The cardinal part of the therapy includes direct transperineal injections of antibiotics into the prostate. In a four week session eight injections are given. The antibiotics are chosen on the basis of the microbiological findings and sensitivity reports. The most frequently used antibiotics are: Gentamicin, Levaquin, Flagyl, Zithromax, and Diflucan. Xylocaine is added to the cocktail to control local discomfort. As routine, we do not add steroids to the antibiotic mixture. Adding EDTA is optional, though the benefit of EDTA is not proven completely. In acute prostatitis cases the prostate injections are complimented with intravenously given Clindamycin, using an ambulatory pump system or less frequently orally given antibiotics.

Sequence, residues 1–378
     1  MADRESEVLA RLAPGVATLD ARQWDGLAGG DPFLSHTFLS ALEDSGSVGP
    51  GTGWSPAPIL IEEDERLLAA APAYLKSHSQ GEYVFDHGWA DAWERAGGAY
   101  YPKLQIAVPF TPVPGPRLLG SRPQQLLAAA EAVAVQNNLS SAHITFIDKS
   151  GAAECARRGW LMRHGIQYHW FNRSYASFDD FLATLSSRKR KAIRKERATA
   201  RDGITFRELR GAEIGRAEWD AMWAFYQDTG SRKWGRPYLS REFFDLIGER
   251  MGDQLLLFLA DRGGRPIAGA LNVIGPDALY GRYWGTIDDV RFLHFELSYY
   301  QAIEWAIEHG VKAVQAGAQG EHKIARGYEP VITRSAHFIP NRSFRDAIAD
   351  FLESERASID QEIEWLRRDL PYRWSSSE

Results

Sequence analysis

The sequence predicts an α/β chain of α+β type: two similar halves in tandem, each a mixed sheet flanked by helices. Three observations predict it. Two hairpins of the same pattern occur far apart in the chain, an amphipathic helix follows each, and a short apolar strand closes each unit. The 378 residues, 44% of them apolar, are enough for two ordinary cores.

- Concentration of antibiotics in the prostate can reach several hundred folds that of the level achieved through orally or even intravenously given antibiotics.
- The sonographic guidance allows injecting the antibiotics into the most effected areas.
- The side effects of the antibiotics are not a concern.
- The procedure is extremely well tolerated.
- Local discomfort during the procedure (By far less then the discomfort associated with transrectal injections).
- Mild hematuria and hemospermia.
- Mild transient bleeding from hemorrhoids
One month following the therapy the symptom evaluation, cultures, and sonography examinations are repeated.
Change in symptom index: All of our patients reported improvement in symptom scores, a minimum of 60%. The majority however was experiencing 80 to 90% improvements.
A gradual improvement in the symptoms was further appreciated at the two to three month post therapy evaluation.
Change in post therapy bacteria count: There is consistently a precipitous drop in the bacteria colony count in the post therapy semen samples.